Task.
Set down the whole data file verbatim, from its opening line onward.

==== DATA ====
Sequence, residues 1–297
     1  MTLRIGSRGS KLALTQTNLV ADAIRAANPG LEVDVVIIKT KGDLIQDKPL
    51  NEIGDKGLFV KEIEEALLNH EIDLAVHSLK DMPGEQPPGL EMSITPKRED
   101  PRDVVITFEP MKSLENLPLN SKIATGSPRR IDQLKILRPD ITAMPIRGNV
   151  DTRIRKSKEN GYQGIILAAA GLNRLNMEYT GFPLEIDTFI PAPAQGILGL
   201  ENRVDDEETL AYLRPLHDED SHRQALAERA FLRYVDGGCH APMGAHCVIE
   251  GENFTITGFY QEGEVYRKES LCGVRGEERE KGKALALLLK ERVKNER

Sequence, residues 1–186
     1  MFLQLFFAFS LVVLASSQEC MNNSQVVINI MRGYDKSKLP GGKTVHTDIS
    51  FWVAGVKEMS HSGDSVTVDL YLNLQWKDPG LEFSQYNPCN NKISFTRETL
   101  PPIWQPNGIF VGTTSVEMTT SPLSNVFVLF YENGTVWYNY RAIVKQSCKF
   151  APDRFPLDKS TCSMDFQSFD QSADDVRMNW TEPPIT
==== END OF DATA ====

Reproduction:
Sequence, residues 1–297
     1  MTLRIGSRGS KLALTQTNLV ADAIRAANPG LEVDVVIIKT KGDLIQDKPL
    51  NEIGDKGLFV KEIEEALLNH EIDLAVHSLK DMPGEQPPGL EMSITPKRED
   101  PRDVVITFEP MKSLENLPLN SKIATGSPRR IDQLKILRPD ITAMPIRGNV
   151  DTRIRKSKEN GYQGIILAAA GLNRLNMEYT GFPLEIDTFI PAPAQGILGL
   201  ENRVDDEETL AYLRPLHDED SHRQALAERA FLRYVDGGCH APMGAHCVIE
   251  GENFTITGFY QEGEVYRKES LCGVRGEERE KGKALALLLK ERVKNER

Sequence, residues 1–186
     1  MFLQLFFAFS LVVLASSQEC MNNSQVVINI MRGYDKSKLP GGKTVHTDIS
    51  FWVAGVKEMS HSGDSVTVDL YLNLQWKDPG LEFSQYNPCN NKISFTRETL
   101  PPIWQPNGIF VGTTSVEMTT SPLSNVFVLF YENGTVWYNY RAIVKQSCKF
   151  APDRFPLDKS TCSMDFQSFD QSADDVRMNW TEPPIT